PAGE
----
Vestibular Neuritis Treatment & Management

Updated: Oct 18, 2021
  • Author: Keith A Marill, MD, MS; Chief Editor: Gil Z Shlamovitz, MD, FACEP  more...
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Approach Considerations

There is no standard treatment for vestibular neuritis. In most cases, the brain rapidly compensates and adjusts to the new vestibular deficit, or the inflammatory process resolves. 

Multiple oral medicines that can help with dizziness and nausea are available (see Medication).

Evidence indicates many sedating medicines commonly used for this condition may slow recovery. Thus, medical treatment may reduce symptoms but prolong recovery.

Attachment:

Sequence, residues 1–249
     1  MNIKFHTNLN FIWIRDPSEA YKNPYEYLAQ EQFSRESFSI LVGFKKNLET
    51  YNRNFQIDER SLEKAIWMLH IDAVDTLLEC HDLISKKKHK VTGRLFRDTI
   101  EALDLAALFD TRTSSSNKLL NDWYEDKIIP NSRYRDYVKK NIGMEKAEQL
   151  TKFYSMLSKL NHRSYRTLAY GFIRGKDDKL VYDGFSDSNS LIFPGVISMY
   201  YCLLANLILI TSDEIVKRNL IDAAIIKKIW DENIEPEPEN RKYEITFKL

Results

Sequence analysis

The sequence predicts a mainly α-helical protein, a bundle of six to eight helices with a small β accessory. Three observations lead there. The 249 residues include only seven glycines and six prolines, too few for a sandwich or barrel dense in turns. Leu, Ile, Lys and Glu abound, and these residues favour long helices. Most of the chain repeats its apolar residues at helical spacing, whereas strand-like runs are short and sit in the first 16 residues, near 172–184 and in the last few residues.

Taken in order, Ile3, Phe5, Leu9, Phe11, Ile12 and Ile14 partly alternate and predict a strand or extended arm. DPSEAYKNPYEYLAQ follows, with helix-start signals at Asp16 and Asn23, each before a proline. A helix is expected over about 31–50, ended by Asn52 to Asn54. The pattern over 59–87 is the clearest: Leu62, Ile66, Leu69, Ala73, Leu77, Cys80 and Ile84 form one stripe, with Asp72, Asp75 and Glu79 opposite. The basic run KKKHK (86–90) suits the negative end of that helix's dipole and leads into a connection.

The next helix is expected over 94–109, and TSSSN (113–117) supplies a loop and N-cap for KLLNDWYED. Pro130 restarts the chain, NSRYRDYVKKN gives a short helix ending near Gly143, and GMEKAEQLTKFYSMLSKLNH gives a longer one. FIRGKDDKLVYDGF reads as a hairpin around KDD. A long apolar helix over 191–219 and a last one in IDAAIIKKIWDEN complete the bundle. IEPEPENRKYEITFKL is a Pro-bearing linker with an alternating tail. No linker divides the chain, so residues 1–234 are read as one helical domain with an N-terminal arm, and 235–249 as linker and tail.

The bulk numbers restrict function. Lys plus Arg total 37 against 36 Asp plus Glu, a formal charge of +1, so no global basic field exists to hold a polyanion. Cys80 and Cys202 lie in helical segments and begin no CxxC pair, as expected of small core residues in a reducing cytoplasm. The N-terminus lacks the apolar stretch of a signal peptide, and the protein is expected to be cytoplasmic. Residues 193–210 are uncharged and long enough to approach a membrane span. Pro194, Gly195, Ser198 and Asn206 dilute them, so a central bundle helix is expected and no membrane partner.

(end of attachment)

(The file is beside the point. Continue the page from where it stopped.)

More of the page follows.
Vestibular rehabilitation therapy (VRT), which includes balance exercises, appears to be equally as effective as corticosteroids in patients with vestibular neuritis. [4, 5]


Emergency Department Care

ED physicians must first distinguish true vertigo from other types of dizziness. Then, after determining that the patient truly has vertigo, central vertigo must be ruled out through a careful history, physical examination, and, if still uncertain, imaging studies.

Regardless of the vertigo's etiology, ED physicians should attempt to alleviate patient suffering. An intravenous (IV) line often is started to rehydrate the patient, who should be allowed to lie still in bed as desired. Parenteral medicines then are administered.

Consider admission for patients who have persistent vomiting despite treatment and for patients unable to walk satisfactorily.

In cases of vestibular neuritis refractory to acute medical treatment, ED physicians may wish to consult with a neurologist or otolaryngologist.